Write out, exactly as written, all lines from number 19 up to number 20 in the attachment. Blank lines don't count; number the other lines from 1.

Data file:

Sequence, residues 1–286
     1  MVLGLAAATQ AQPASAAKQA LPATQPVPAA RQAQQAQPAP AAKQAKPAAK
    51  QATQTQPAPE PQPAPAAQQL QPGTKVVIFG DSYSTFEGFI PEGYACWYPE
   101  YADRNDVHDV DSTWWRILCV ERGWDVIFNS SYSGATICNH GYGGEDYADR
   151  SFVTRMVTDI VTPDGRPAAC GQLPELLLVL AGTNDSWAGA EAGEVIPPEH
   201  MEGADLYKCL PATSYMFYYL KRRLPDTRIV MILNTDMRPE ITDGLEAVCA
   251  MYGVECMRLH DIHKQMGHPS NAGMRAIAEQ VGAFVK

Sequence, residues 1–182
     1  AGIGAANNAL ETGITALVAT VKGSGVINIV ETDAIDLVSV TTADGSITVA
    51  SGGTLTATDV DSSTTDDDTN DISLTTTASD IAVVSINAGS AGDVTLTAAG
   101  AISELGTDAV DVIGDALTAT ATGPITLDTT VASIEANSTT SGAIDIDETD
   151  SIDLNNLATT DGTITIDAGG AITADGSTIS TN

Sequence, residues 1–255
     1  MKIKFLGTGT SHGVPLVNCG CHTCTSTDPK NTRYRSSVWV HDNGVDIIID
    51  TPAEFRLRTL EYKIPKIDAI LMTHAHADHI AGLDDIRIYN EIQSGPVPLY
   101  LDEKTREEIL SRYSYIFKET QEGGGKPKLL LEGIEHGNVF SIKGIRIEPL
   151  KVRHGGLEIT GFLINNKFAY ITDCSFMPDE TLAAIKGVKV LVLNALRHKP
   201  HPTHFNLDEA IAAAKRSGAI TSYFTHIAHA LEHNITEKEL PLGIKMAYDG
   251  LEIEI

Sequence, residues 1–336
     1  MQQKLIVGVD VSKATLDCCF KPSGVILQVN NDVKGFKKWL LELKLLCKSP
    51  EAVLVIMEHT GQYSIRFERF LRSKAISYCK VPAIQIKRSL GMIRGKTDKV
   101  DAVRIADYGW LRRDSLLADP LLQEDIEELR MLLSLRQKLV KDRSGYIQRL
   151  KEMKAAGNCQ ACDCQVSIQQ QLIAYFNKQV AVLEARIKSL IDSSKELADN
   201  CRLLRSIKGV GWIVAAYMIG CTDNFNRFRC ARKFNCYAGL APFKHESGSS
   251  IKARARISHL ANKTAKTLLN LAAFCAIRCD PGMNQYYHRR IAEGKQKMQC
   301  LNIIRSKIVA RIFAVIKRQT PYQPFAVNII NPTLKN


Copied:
   251  LEIEI

Sequence, residues 1–336